Changing the appraisal culture

The new teacher evaluation system is intended to be collaborative and calls for more interaction between evaluators and teachers. Regal and Pankonien stressed that T-TESS focuses on developing educators at all levels and encourages educators to self-assess and reflect on their practice on a regular basis. “[Teachers] are part of this process,” Pankonien said.  “It’s not a one-directional thing.”
At the heart of T-TESS is a research-based rubric that attempts to capture the skills teachers use in their practice across all performance levels. The initial test of the rubric has shown that districts that closely adhere to it find that their teacher ratings are more standardized and objective than under PDAS.
Evaluators have noted that the rubric ratings are evidence based with more focus on students. The rubric defines what a each level of the teaching practice looks like.
Evaluators go through three days of teacher observation training using video clips to learn to analyze and categorize teacher performance levels according to the rubric. Teachers go through an abbreviated version of that training so they can see for themselves how the rubric works.
Appraisals are intended to be part of a process of continuous improvement. In addition to an optional preconference, evaluators will conduct an observation, and hold a post-observation conference and end-of-year conference with the teacher. At that end-of-year conference, teachers work with the evaluator to set goals for the next year and discuss the professional development they need. Summative ratings come after that final conference.

Measuring student learning

In 2017‒18, districts will incorporate student growth measures into their evaluations that may include student learning objectives, value-added measures on standardized tests, portfolios, and district pre- and post-tests. Student growth data, like observation feedback, is intended to help teachers and evaluators make more informed professional development decisions.
The student growth measures used will be a district decision and will account for 20 percent of a teacher’s overall rating.

The principal process

There is no simple way to observe a principal to determine whether he or she is doing a good job, so observations are not part of T-PESS. Principals meet with their evaluators and discuss how things have gone and compare their results with the principal rubric, capturing the effective practices of high-performers.
One thing that is built into the new model principal appraisal process is that the teacher appraisal results on a principal’s campus have to reflect the reality on that campus. That also means that teachers who’ve always been rated as “exceeds expectations” might have to recalibrate their expectations under the new system. “We took what used to be ‘exceeds expectations’ and moved it to the middle,” Pankonien said. Helping experienced teachers to understand that being ranked “proficient” in the new system doesn’t mean their performance has declined will be one challenge that evaluators face.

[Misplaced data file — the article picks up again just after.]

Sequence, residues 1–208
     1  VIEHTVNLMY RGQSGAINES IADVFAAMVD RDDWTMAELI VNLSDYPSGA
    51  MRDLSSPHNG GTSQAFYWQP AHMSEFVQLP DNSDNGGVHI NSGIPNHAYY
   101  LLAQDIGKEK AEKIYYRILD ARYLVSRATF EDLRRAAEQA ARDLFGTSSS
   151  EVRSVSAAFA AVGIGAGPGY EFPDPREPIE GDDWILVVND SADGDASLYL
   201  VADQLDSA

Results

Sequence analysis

Putting in the time

“This will take more time,” Pankonien said. “It’s not going to go as quickly as PDAS. The preconference can take up to an hour.” For principals in small districts, the additional time commitment might be a tough sell, but the process gets easier and quicker with experience.

Benitez will continue TASPA’s tradition of training, support

Rose Benitez, TASPA’s new executive director, comes to the job well-prepared, with a doctorate in educational administration and a career in public education including 14 years as an HR administrator. She has seen the growth in TASPA’s professional development offerings and membership firsthand and her goal is to continue the trend.

In her first two months on the job, she intends to spend time assessing what TASPA is doing and “…not disrupt anything already in place!”
“My predecessor, Melva Cárdenas, did an excellent job of leaving things well-organized so the planning process has been very smooth and everything is ready to go. These are big footsteps to fill but I’m glad that she paved the way that can only lead to better things…the path is there,” Benitez said.
She will continue to provide stakeholder input for school HR administrators as needed and share information on potential new laws and regulations that could impact HR operations with members.

Her thoughts on Texas Education HR Day

One of Cárdenas’ key achievements was the establishment of Texas Education HR Day. This year’s date for school leaders and the public to recognize the work of school HR department workers is Wednesday, Oct. 14, 2015.
Benitez said that setting a day aside to show appreciation is important because “…HR administrators and staff touch everything that happens in a school district with regard to employees from the time they’re hired to the time they leave, from well-being to risk management to benefits to salaries to work environment. I would hope that superintendents and boards take the opportunity to acknowledge the work of their HR administrators and staff during the recognition portion of a board meeting.”
HR departments also usually have some sort of internal celebration that day to show appreciation for the work of the staff. “HR takes the day to be thankful for the work of staff. It’s all those employment specialists who make the first impression on people when they come in to apply. Plus the benefits specialists. All those working in support roles,” Benitez said.